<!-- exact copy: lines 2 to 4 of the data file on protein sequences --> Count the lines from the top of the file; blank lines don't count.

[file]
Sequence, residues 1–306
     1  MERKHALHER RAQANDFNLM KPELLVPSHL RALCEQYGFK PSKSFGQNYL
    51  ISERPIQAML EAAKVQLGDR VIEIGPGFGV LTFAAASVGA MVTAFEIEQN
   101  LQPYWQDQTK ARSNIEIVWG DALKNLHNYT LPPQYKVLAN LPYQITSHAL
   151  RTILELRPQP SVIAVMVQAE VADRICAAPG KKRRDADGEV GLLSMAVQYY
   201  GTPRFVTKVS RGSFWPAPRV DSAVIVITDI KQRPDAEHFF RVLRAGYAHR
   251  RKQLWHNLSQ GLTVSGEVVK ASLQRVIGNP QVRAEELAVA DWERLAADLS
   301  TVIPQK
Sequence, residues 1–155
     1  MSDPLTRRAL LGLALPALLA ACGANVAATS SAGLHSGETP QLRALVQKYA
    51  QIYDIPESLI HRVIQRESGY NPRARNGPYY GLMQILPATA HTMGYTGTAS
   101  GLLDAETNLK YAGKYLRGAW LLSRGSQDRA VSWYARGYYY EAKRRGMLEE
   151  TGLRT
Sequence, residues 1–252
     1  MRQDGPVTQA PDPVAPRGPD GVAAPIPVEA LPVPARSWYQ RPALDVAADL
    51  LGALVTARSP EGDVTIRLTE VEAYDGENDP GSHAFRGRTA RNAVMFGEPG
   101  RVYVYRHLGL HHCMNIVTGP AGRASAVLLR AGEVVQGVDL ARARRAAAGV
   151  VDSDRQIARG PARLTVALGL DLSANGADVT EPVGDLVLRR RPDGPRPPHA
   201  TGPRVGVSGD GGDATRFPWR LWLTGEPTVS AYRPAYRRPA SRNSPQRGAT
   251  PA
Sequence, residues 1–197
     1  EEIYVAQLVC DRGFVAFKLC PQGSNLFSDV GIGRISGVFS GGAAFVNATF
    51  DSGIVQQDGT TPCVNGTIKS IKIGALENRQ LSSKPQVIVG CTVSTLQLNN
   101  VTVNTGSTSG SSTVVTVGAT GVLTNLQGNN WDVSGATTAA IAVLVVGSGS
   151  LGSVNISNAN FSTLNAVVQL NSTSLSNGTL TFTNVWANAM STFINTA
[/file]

     1  MERKHALHER RAQANDFNLM KPELLVPSHL RALCEQYGFK PSKSFGQNYL
    51  ISERPIQAML EAAKVQLGDR VIEIGPGFGV LTFAAASVGA MVTAFEIEQN
   101  LQPYWQDQTK ARSNIEIVWG DALKNLHNYT LPPQYKVLAN LPYQITSHAL